Monday, March 16, 2020
Wall Street Journal op-ed: The IRS Proves the Left’s Favorite Economists Wrong, by Phillip W. Magness (American Institute for Economic Research) & Stephen C. Miller (Troy University):
‘The Rich Really Do Pay Lower Taxes Than You” read a headline in the New York Times last fall. This astounding claim, presented in the media as fact and evidence of inequities baked into President Trump’s 2017 tax cut, came from two economists at the University of California, Berkeley. Emmanuel Saez and Gabriel Zucman asserted that 2018 was the first year in U.S. history that the average tax rate on the 400 wealthiest income earners dipped below the rates paid by the lower-middle class and poor.
Finally, we had proof the rich weren’t paying their fair share. But new data from the Internal Revenue Service suggest it isn’t true.
The Saez-Zucman analysis raised eyebrows among other economists who study tax data, in part because they claimed it reflected the first full year under the new tax rates. At the time they published their study, the IRS had yet to release the data necessary to make the calculations they described. Preliminary numbers for 2018 income-tax returns, covering all filings made by last year’s Oct. 15 extended deadline, came out only last week. These data tell a very different story: America’s wealthiest earners still carry the lion’s share of the tax burden.
Closer inspection reveals that Messrs. Saez and Zucman imputed the tax rates they claim for 2018 from records that predated the Trump tax cut, and therefore didn’t capture its effect on the measured distribution of income. They built in opaque assumptions that now appear to have exaggerated the tax cut’s benefit to high-income earners. ...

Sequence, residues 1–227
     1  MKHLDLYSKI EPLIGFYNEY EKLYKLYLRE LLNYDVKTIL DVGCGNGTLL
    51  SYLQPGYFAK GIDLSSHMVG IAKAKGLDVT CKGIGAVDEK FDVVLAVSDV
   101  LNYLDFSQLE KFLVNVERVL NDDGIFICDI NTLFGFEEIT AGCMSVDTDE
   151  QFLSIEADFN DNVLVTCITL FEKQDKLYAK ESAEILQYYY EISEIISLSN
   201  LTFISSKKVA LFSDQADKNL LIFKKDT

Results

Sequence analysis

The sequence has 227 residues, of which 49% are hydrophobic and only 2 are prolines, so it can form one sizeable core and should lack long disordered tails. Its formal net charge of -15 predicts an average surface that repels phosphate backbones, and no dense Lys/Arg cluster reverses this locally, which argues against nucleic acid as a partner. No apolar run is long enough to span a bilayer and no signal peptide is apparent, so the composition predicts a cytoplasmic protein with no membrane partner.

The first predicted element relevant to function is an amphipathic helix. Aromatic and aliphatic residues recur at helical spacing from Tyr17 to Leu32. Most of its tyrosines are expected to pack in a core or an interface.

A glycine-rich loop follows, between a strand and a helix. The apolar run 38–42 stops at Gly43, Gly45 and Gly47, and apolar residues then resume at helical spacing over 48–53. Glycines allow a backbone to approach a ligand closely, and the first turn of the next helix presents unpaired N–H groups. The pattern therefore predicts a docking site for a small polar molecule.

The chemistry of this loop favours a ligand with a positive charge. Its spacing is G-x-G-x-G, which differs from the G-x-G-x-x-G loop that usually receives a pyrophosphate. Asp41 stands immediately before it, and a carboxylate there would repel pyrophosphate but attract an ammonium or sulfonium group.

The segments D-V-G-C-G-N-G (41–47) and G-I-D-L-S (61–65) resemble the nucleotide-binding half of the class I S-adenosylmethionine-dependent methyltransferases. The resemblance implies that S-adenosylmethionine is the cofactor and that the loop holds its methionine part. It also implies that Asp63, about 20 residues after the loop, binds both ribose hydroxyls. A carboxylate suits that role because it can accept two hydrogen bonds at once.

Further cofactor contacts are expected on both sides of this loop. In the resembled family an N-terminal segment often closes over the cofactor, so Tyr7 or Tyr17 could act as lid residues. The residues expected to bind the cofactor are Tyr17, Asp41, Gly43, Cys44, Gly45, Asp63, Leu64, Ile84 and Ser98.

In their rush to embrace a convenient political narrative last fall, much of the press and political classes never considered the possibility that the data would undermine their story. It did.
Prior TaxProf Blog coverage:
- Gerald Auten (Office of Tax Analysis, U.S. Treasury Department) & David Splinter (Joint Committee on Taxation), Income Inequality in the United States: Using Tax Data to Measure Long-term Trends (Mar. 26, 2019)
- David Leonhardt (New York Times), The Rich Really Do Pay Lower Taxes Than You (Oct. 8, 2019)
- James Freeman (Wall Street Journal), New Problems With Elizabeth Warren’s Inequality Math
- Emmanuel Saez (UC-Berkeley) & Gabriel Zucman (UC-Berkeley), How To Tax Our Way Back To Justice (Oct. 14, 2019)
- Richard Rubin (Wall Street Journal), The Truth About Who Pays What In Taxes (Oct. 16, 2019)
- Laurence Kotlikoff (Boston University), Tax Myths Of Warrenomics (Oct. 24, 2019)
- Emmanuel Saez (UC-Berkeley) & Gabriel Zucman (UC-Berkeley), Although Wealth Taxes Have Failed In Europe, They Can Work In The U.S. (Oct. 31, 2019)
- Penn Wharton Budget Model, Warren Wealth Tax Would Slow Economic Growth By 13% (Nov. 17, 2019)
- The Economist, Measuring The 1%: Economists Are Rethinking The Numbers On Inequality (Dec. 7, 2019)
- Jason Oh (UCLA) & Eric M. Zolt (UCLA), Wealth Tax Design: Lessons from Estate Tax Avoidance (Feb. 6, 2020)